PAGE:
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Q. From an environmental point of view, is installing an acacia wood floor a good or bad idea? It’s from the tropics — that’s a long way for wood to travel, hence a bigger carbon footprint. It’s also hard to find from a Forest Stewardship Council (FSC) source.

On the other hand, from what I read, this is a fast-growing plantation tree that improves the soil because it fixes nitrogen. It’s also more durable than many local species, so the chances my acacia floor would be replaced within the next 100 years is lower than if I go with softer local species.

So, should I get over the fact that it’s exotic and not FSC?

Rich G.
Bellingham, Wash.

A. Dearest Rich,

After spending the last few hours looking at photos of rich, lustrous acacia flooring, I must say that style-wise, you’ve made a lovely choice. And as one of the hardest woods in the world, acacia also passes muster on the durability front. But there’s certainly more to consider when it comes to filling your home with this tropical timber.

The last part of your question is also the easiest, so let’s start with that. No, you should not gloss over acacia wood from a non-FSC source. The Forest Stewardship Council is a trusted, independent certification program that lends its label to products that manage forestry sustainably and protect locals’ rights. FSC isn’t perfect, but it’s our best bet for ensuring our wood floors aren’t walking all over the environment.

This is especially true for tropical hardwoods like acacia. Deforestation of the tropical rainforests remains a major issue in southeast Asia and South America, so much so that any tropical hardwood without FSC certification probably contributed to rainforest destruction, whether through straight-up logging or the razing of virgin forest to plant tree plantations (more on those in a bit). The good news is that a quick search of the FSC database confirms there is some sustainable acacia flooring to be had. The bad news is that, as you note, it’s not always easy to find.

Now Rich, say you’re able to track down certified acacia — should you then get over the fact that it’s traveling from exotic southeast Asia and Australia to your living room? This one isn’t so (forgive me) clear-cut. This report from the Union of Concerned Scientists goes into the issue of tropical hardwoods in depth, but I’ll sum up its takeaway points.

Tree plantations like the ones that produce much of our acacia are a bit of a mixed bag. In the plus column, they reduce logging pressure on pristine forests, and they’re very high yield (producing three to 10 times more wood than their natural counterparts). But these plantations are usually monocultures, with all of their attendant ills: reduced biodiversity of the forest, depleted soil quality, and vulnerability to pests. And tree plantations are particularly harmful when growers raze untouched rainforest to make way for them; the replacement tree farms do still help sequester carbon, but to a lesser degree, and the species diversity of the area plummets. One reason FSC certification is so important is that it ensures the wood product didn’t come from a clear-cut native forest (it’s much better to farm on previously disturbed lands, as some producers do).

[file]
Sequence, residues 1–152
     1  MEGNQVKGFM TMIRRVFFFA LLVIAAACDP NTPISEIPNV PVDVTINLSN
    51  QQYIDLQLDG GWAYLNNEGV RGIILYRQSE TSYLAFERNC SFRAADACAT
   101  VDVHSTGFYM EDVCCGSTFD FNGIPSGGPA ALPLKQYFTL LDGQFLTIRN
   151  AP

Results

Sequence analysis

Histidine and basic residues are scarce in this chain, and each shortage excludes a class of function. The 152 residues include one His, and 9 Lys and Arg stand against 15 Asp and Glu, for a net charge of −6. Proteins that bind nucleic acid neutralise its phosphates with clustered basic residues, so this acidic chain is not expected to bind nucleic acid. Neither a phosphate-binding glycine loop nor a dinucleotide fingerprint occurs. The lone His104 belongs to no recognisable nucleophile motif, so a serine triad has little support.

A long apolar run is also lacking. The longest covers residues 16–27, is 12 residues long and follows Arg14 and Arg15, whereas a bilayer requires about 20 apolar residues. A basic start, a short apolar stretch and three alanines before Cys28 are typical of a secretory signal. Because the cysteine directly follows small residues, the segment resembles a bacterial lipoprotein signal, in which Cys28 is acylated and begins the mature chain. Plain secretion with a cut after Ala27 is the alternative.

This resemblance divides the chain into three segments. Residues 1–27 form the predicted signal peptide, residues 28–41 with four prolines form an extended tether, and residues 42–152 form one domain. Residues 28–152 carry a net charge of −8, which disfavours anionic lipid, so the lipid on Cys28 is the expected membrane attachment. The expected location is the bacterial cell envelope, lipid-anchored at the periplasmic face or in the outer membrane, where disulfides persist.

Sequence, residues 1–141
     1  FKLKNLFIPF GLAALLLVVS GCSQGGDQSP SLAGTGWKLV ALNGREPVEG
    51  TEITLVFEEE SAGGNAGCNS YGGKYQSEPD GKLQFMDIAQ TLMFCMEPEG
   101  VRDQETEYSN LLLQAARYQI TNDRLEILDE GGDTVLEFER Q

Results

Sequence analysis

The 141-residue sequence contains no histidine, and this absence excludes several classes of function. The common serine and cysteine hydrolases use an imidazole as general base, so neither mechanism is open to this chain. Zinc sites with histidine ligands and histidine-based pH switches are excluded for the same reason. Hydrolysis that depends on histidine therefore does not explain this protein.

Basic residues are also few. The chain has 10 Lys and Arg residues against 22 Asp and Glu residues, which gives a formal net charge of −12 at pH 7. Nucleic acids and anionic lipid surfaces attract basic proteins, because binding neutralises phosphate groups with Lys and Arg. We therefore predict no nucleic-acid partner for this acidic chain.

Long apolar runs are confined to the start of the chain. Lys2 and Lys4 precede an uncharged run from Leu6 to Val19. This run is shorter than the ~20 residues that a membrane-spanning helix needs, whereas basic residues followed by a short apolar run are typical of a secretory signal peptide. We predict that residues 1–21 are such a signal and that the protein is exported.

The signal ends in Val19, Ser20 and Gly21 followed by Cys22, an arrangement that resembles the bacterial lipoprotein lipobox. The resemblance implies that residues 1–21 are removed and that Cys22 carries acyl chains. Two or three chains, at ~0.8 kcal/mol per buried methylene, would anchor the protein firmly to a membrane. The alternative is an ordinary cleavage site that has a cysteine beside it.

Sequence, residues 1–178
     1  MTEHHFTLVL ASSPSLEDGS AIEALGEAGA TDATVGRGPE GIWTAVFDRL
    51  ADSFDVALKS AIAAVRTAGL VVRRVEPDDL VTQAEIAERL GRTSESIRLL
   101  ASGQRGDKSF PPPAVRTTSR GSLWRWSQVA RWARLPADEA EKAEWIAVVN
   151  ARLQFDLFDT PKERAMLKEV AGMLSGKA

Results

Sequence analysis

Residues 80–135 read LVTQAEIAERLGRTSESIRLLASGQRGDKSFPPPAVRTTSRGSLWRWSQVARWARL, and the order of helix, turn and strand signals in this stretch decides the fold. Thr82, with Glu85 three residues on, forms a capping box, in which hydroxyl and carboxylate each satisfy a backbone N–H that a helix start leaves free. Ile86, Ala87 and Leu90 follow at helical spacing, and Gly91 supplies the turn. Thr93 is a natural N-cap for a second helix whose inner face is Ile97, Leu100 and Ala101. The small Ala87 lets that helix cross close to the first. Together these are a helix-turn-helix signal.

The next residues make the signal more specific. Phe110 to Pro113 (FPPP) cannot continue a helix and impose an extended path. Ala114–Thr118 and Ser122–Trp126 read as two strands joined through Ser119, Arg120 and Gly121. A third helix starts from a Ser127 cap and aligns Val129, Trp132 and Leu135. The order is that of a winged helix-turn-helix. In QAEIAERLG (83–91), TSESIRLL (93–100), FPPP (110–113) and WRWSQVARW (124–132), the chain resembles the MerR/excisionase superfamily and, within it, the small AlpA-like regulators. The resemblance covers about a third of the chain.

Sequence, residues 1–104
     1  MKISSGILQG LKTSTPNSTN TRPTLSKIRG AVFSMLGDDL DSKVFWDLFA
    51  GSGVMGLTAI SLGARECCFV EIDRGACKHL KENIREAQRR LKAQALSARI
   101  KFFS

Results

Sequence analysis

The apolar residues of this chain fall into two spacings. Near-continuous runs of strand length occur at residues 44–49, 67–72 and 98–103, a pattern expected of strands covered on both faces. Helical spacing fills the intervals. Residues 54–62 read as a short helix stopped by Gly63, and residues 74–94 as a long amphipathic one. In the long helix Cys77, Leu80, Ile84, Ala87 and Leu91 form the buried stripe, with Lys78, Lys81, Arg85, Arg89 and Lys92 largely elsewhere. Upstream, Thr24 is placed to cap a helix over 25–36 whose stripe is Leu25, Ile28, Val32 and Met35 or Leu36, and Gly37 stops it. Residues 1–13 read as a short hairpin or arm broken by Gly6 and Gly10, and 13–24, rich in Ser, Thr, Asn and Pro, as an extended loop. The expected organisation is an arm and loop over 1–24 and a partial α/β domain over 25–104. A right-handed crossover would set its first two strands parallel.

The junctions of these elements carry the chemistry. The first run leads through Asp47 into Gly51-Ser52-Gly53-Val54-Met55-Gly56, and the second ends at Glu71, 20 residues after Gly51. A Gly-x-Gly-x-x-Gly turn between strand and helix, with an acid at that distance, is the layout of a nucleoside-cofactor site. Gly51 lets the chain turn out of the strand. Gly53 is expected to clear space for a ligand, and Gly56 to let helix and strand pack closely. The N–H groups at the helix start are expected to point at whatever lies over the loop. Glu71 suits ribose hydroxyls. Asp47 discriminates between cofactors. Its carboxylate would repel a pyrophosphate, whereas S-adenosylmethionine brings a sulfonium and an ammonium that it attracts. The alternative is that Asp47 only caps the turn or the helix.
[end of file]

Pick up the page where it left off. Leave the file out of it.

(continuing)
On the other hand, there’s the argument that we should support sustainable tropic hardwood outfits because, if we don’t, that forest land will be converted to something perceived as more profitable — such as treeless agricultural fields.

Flipping back over to the con side, there’s also the carbon tax you pay on far-flung lumber in the form of carbon emissions from shipping long distances. But this isn’t crystal-clear, either, as ocean shipping is far more efficient than truck shipping — with your oceanfront location, a cargo ship from Vietnam could be competitive with lumber trucked in from New England.

You know what I’d do, Rich? Before you get too dizzy with all these variables, look into reclaimed lumber. It might not have the “positive energy and exuberant flow” of acacia, but salvaged wood from old buildings and bridges will have its own unique, historic charm — and it’ll divert materials from the landfill while reducing the need to log a living tree. And if you can reclaim said wood locally, you can kiss all those transport issues goodbye. You never know just what you’ll find on the salvage front, but I’ll bet you can ferret out some nice, durable hardwoods, too. Any decision that results in beautiful floors and happy orangutans is a good one in my book.

Sawfully,
Umbra